May 5, 6 and 7 Council Meeting
Council Highlights is an informal summary of decisions made by Toronto City Council. The City Clerk provides the complete, formal documentation of Council’s meetings.
Appointment of new City Manager
Council appointed Peter Wallace as Toronto’s City Manager effective July 13. The City Manager, as the most senior official in the City’s administration, is accountable to City Council for the policies and programs delivered by the Toronto Public Service. Wallace succeeds Joe Pennachetti, who retired as City Manager on May 8. Deputy City Manager John Livey will act as City Manager between May 9 and July 12. In addition, Council appointed Giuliana Carbone as a Deputy City Manager (one of three in the organization) effective June 1. Carbone, who has been the City’s Treasurer since 2008, will lead the cluster of divisions that are responsible social, economic and community services.
Toronto’s support for entrepreneurs
Council endorsed a startup strategy to foster the growth of small businesses in Toronto, with the intention of making this city the best place in the world to start and grow a business. This economic development initiative places emphasis on business incubation, which is an established method drawing on the City and other resources to support the growth of small businesses. Toronto already supports business incubation activity for its fashion and food industries and the Toronto Business Development Centre.
Confronting youth unemployment
Council adopted recommendations for actions to address the challenge of youth unemployment in Toronto. The City will pursue opportunities to expand work-based learning initiatives for unemployed youth by leveraging its role as an employer, capitalizing on the City’s connections with employer and sector partners, increasing support to youth entrepreneurs, and supporting youth who are outside the labour market.
Council approved a new set of permit fees and rules covering mobile food vending (food trucks) and ice cream vending. After a one-year review of the bylaw including stakeholder and public consultation, changes were made to further ease restrictions and provide more opportunities for vendors. This bylaw balances the City’s need to manage the competing uses of streets and sidewalks, and improves the public’s access to a wide variety of street food. The City will take steps to address illegal vending and environmental impacts such as vehicle emissions.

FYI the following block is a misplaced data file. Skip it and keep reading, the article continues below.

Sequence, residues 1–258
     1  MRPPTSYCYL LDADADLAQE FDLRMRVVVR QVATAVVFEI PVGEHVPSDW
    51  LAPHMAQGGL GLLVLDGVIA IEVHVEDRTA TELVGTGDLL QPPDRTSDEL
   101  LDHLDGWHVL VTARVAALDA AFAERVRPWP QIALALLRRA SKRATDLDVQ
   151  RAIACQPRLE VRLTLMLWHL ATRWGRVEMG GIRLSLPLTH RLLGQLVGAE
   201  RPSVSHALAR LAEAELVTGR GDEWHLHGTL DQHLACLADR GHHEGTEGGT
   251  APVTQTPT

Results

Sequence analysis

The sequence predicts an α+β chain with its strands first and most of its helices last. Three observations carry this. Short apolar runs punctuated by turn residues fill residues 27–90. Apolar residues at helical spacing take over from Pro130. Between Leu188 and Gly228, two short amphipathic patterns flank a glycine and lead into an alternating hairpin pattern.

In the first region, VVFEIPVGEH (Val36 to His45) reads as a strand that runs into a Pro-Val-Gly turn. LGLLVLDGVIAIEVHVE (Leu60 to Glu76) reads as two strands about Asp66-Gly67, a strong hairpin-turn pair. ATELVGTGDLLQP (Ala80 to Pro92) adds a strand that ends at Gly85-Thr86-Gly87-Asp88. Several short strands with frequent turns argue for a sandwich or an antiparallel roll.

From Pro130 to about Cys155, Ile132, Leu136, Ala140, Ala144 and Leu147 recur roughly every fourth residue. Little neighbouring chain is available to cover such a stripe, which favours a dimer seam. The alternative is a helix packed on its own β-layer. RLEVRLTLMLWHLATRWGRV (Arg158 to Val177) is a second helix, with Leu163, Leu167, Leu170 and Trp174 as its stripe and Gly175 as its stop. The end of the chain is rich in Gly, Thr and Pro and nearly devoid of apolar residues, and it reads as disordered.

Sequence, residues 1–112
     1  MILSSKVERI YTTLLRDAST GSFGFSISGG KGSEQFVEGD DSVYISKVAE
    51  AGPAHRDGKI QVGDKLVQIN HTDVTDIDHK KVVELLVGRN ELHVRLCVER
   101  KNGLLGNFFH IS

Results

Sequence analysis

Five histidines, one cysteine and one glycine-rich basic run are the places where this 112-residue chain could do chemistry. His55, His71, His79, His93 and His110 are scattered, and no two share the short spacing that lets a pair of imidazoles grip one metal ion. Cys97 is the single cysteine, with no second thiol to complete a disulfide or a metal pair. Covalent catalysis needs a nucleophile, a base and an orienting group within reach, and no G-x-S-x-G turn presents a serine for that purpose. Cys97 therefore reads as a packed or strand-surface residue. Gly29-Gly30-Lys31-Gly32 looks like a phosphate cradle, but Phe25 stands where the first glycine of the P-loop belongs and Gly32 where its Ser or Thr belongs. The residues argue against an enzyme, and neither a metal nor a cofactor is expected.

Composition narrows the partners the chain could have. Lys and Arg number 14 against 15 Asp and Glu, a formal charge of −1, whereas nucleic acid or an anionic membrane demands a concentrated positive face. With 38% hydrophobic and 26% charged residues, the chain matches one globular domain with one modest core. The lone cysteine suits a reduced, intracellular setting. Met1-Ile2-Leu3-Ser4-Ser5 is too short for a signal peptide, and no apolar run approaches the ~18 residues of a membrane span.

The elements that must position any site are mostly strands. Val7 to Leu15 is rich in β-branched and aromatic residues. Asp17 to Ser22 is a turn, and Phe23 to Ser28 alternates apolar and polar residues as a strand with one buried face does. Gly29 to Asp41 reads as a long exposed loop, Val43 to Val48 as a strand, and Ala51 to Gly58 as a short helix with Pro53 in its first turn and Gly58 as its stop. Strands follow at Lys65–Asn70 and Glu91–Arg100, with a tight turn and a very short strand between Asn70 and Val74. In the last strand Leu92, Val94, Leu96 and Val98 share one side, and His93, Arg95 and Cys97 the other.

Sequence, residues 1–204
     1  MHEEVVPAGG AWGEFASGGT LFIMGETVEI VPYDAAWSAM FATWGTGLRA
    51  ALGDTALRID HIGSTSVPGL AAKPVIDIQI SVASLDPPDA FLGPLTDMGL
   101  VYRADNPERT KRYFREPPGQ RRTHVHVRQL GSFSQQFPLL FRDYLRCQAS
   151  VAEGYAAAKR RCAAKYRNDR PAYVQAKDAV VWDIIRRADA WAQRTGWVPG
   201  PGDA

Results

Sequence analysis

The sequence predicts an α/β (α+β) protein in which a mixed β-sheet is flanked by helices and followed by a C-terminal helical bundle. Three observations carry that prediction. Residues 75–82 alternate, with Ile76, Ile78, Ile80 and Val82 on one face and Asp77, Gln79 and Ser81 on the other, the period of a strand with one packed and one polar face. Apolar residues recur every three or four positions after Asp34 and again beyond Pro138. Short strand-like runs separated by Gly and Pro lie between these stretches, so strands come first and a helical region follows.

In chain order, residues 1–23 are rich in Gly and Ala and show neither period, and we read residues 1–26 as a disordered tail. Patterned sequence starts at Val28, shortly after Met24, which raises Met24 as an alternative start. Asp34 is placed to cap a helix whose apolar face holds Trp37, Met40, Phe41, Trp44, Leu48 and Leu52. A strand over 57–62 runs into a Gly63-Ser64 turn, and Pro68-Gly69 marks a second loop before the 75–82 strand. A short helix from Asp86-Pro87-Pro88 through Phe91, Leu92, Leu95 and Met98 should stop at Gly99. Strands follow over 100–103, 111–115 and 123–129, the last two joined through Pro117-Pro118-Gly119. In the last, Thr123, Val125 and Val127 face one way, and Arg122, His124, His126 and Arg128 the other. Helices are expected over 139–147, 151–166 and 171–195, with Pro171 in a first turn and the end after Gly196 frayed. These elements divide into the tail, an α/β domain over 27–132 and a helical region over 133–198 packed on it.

Speed limits on Toronto streets
Council approved a series of actions to address traffic speeds on local neighbourhood streets, including a new 30 kilometre-an-hour (km/h) speed limit policy in the absence of traffic calming. In addition, staff will report on the implications for Toronto of an Ontario Ministry of Transportation proposal to lower the current default speed limit of 50 km/h, and will report on school safety zones as part of a road safety plan for Toronto.
Management of the Scarborough subway project
Council adopted recommendations to have staff review different options for project delivery and project procurement for the Scarborough Subway Extension project. Staff are to report back in early 2016 with recommendations on procurement and for project management, delivery and governance.